March 2019

Popliteal artery embolism of bullet after abdominal gunshot wound.

Radiol Case Rep 2016 Dec 2;11(4):282-286. Epub 2016 Nov 2.

Department of Radiology, Advocate Illinois Masonic Medical Center, 836 W. Wellington Ave, Chicago, IL 60657, USA.

Bullet embolism to the peripheral arterial system is a rare phenomenon which frequently results in misdiagnosis due to lack of early symptoms. Embolisms can go to either arterial or venous systems with common sites of injury including the left ventricle, pulmonary vein, thoracic and abdominal aorta and peripheral arteries. Herein we present a case of a 19 year old patient with multiple gunshot wounds to the torso with a bullet embolism to the left popliteal artery necessitating embolectomy. This subsequently led to diagnosis and repair of an abdominal aortic psuedoaneurysm not clearly evident on initial imaging.
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http://dx.doi.org/10.1016/j.radcr.2016.04.011DOI Listing
http://www.ncbi.nlm.nih.gov/pmc/articles/PMC5128195PMC
December 2016

Chronic common femoral vein occlusion secondary to endometriosis.

J Vasc Surg Venous Lymphat Disord 2014 Apr 1;2(2):197-9. Epub 2013 Oct 1.

Division of Vascular Surgery, Northwestern University Feinberg School of Medicine, Chicago, Ill. Electronic address:

Venous occlusion is sometimes caused by external compression due to adjacent masses. Endometriosis, the presence of functioning endometrial tissue outside the uterine cavity, is a rare cause of venous occlusion. We report a case of chronic common femoral vein occlusion due to endometrioma causing severe leg edema and groin pain that was treated with resection and venous bypass.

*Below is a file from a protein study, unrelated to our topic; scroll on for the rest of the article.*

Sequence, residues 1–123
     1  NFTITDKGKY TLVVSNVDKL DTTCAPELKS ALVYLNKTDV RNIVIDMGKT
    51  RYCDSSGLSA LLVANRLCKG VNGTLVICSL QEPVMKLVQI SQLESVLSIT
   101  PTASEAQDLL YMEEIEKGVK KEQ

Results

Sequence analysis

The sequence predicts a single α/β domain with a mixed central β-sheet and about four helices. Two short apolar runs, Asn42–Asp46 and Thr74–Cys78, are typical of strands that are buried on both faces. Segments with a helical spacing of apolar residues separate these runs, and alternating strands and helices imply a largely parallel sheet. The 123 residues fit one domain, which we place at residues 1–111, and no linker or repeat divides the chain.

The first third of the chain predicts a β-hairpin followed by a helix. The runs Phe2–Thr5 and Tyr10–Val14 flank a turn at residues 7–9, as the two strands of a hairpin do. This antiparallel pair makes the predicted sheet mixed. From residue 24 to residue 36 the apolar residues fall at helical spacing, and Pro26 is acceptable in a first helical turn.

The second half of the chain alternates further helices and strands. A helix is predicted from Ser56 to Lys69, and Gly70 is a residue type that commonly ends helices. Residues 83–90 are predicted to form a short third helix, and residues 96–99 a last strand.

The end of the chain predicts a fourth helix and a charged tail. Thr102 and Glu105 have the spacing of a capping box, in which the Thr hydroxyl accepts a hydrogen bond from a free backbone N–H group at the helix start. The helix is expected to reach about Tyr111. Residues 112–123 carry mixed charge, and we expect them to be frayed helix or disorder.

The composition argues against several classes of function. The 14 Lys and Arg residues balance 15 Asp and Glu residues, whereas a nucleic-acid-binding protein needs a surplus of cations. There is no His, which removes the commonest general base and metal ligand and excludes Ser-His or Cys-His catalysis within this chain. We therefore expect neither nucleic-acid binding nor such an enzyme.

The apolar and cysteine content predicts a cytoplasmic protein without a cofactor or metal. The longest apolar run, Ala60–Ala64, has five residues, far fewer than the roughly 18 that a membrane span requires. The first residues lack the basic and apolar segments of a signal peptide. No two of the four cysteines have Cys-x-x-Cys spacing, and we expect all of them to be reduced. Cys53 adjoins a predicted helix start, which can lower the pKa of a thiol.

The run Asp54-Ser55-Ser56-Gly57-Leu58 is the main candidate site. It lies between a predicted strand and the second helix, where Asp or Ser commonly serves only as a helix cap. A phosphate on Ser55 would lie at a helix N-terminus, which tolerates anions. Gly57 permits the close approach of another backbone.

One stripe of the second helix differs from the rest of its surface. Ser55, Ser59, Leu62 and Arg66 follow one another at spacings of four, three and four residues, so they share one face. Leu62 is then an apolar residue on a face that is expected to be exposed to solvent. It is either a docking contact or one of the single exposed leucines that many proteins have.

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http://dx.doi.org/10.1016/j.jvsv.2013.08.003DOI Listing
http://www.ncbi.nlm.nih.gov/pmc/articles/PMC4878937PMC
April 2014

Early versus delayed carotid endarterectomy in symptomatic patients.

J Vasc Surg 2012 Nov 1;56(5):1296-302; discussion 1302. Epub 2012 Aug 1.

Northwestern University Feinberg School of Medicine, Chicago, Ill 60611, USA.

Background: Delayed carotid endarterectomy (CEA) after a stroke or transient ischemic attack (TIA) is associated with risks of recurrent neurologic symptoms. In an effort to preserve cerebral function, urgent early CEA has been recommended in many circumstances. We analyzed outcomes of different time intervals in early CEA in comparison with delayed treatment.